Weight: 10.5 ounces (M), 8.9 ounces (W)
Drop: 4 millimeters
The Hoka One One Challenger ATR 5 is a lightweight trail-version of their well-cushioned Clifton. This Challenger model has a wide and roomy toe box, a strong arch support and the lightweight foam cushioning of the Clifton. The shoe features 4mm lugs that are spread out for better grip at the forefoot and crowded together at the heel in order to improve the shoe’s ride. The lugs provide enough traction and support for muddy trails, but can also make for a comfortable road shoe. The Challenger is a great neutral, all-terrain trail shoe.
Weight: 7.7 ounces (M), 9.4 ounces (W)
Drop: 5 millimeters
Nike recently remodeled one of their popular Air Zoom Pegasus into a trail shoe. The Pegasus Trail 36 uses the same soft, neutral cushioning of the classic Pegasus and adds supportive lugs for grip on varying terrain. A redesigned full mesh upper and added support in the forefoot and heel create extra durability and protection against trail obstacles. The outsole features flat-top lugs that are designed to grip into the dirt without feeling too clunky on road runs. This shoe is designed to take runners from the road and beyond where the road ends. The Pegasus Trail is a lighter trail shoe, but can be supportive enough to make for a great shoe for the gym as well.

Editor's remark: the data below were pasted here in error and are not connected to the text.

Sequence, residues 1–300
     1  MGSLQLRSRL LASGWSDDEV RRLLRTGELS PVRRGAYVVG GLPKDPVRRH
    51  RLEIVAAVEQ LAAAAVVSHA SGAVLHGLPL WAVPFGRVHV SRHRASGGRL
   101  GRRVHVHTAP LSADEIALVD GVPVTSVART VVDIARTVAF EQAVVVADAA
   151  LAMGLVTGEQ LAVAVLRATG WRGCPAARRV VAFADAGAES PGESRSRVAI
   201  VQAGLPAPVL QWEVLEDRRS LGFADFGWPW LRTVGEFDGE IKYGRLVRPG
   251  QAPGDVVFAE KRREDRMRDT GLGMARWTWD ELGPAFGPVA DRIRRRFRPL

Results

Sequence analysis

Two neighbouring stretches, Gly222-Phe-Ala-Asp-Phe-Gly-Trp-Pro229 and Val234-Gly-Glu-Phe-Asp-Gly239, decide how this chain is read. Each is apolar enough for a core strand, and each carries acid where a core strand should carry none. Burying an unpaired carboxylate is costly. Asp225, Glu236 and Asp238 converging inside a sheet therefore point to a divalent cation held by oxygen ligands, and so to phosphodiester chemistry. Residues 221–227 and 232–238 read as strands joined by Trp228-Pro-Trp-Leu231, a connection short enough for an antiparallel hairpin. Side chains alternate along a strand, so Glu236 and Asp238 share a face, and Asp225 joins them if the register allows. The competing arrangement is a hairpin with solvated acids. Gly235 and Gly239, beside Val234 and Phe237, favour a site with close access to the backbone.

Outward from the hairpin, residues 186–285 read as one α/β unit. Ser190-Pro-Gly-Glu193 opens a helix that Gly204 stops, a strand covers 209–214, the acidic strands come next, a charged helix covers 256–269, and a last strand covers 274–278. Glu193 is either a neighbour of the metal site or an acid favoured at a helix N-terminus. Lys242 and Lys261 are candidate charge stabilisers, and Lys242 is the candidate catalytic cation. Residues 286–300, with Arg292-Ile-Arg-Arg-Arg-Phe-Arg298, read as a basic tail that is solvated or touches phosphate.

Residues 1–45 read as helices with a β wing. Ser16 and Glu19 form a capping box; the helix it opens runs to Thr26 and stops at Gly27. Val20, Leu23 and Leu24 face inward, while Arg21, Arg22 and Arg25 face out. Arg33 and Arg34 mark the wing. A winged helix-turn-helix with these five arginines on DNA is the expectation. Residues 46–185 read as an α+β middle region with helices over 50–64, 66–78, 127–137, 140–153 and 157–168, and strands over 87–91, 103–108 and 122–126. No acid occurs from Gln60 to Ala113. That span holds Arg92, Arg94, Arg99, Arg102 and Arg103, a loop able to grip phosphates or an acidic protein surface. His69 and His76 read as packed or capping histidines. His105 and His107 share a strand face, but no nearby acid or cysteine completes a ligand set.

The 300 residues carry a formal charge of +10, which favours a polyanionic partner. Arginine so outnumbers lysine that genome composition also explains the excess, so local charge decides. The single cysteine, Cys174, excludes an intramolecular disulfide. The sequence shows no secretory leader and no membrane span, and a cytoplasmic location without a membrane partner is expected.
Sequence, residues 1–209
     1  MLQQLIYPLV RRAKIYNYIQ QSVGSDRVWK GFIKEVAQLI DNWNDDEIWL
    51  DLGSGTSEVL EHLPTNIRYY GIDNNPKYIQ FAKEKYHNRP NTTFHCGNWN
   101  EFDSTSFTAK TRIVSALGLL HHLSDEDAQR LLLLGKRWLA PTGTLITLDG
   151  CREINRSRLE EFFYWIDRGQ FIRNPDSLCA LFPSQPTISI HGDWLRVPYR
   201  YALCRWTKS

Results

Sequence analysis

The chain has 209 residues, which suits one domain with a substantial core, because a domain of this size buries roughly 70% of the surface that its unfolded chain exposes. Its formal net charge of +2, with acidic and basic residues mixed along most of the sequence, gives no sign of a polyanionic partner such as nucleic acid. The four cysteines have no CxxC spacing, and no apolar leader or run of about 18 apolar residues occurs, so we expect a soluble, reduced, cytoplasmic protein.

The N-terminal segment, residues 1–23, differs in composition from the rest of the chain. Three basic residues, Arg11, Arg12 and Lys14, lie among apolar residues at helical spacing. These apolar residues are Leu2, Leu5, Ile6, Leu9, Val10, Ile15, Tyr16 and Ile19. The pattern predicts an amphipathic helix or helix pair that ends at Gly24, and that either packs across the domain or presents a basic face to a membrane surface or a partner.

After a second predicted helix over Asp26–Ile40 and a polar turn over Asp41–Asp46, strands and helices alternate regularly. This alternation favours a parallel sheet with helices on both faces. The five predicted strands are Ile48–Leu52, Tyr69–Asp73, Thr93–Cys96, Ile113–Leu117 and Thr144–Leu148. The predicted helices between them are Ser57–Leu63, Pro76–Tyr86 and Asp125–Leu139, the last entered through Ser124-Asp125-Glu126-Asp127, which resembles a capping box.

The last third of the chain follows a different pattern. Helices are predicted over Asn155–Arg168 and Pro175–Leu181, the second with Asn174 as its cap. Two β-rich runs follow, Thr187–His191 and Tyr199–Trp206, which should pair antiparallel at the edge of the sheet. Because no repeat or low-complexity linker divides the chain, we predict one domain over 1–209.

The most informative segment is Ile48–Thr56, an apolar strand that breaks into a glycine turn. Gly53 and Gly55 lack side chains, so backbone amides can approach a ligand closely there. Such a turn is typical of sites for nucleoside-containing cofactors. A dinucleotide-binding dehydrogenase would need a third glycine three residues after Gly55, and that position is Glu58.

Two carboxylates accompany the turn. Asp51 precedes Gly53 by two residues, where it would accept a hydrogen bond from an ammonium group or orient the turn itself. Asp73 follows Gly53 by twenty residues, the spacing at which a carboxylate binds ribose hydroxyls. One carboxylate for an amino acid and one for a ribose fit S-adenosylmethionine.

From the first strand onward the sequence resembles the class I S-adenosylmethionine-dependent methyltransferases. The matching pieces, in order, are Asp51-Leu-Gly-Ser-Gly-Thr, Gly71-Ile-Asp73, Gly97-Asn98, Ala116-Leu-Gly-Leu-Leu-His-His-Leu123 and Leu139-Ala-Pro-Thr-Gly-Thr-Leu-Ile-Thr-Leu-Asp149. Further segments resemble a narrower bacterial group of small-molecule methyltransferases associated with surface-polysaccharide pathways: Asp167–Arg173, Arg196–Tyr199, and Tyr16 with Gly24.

Weight: 10.3 ounces (M), 8.2 ounces (W)
Drop: 10 millimeters
This is the lightest trail shoe from Altra. The Superior 4 has a softer and more cushioned midsole than the previous models, but still provides the same responsive feel. The shoe features the traditional 0mm drop and wide toe box design of the Altra brand. Removable stone guards (rock plates) are also included for more protection when tackling rocky and technical trails. The outsole has shallow yet aggressive claw-like lugs that are proven to provide a solid grip and tackle slick surfaces.
Weight: 8.7 ounces (M), 8.3 ounces (W)
Drop: 0 millimeters
This model is Salomon’s best quality of shoe. It features premium materials that are geared toward competitive runners and professionals. The shoe is designed to hold up for extremely long distances and is designed for ultrarunners. The cushioning of the shoe is impressive, especially in the forefoot, which allows for comfort on prolonged runs. There is a set of wings on the upper of the shoe that provides adaptability over the arch and mid-foot, so the shoe can adjust after the foot begins to swell on long runs. Premium Wet Traction Contagrip is used on the outsole of the shoe to provide traction and durability, while the rock plate in the midsole provides protection. The Contagrip is used to provide traction on wet, dry or rocky surfaces with minimal lugging.
Weight: 11 ounces (M), 9.7 ounces (W)
Drop: 8 millimeters (unisex shoe, measured in men’s sizes)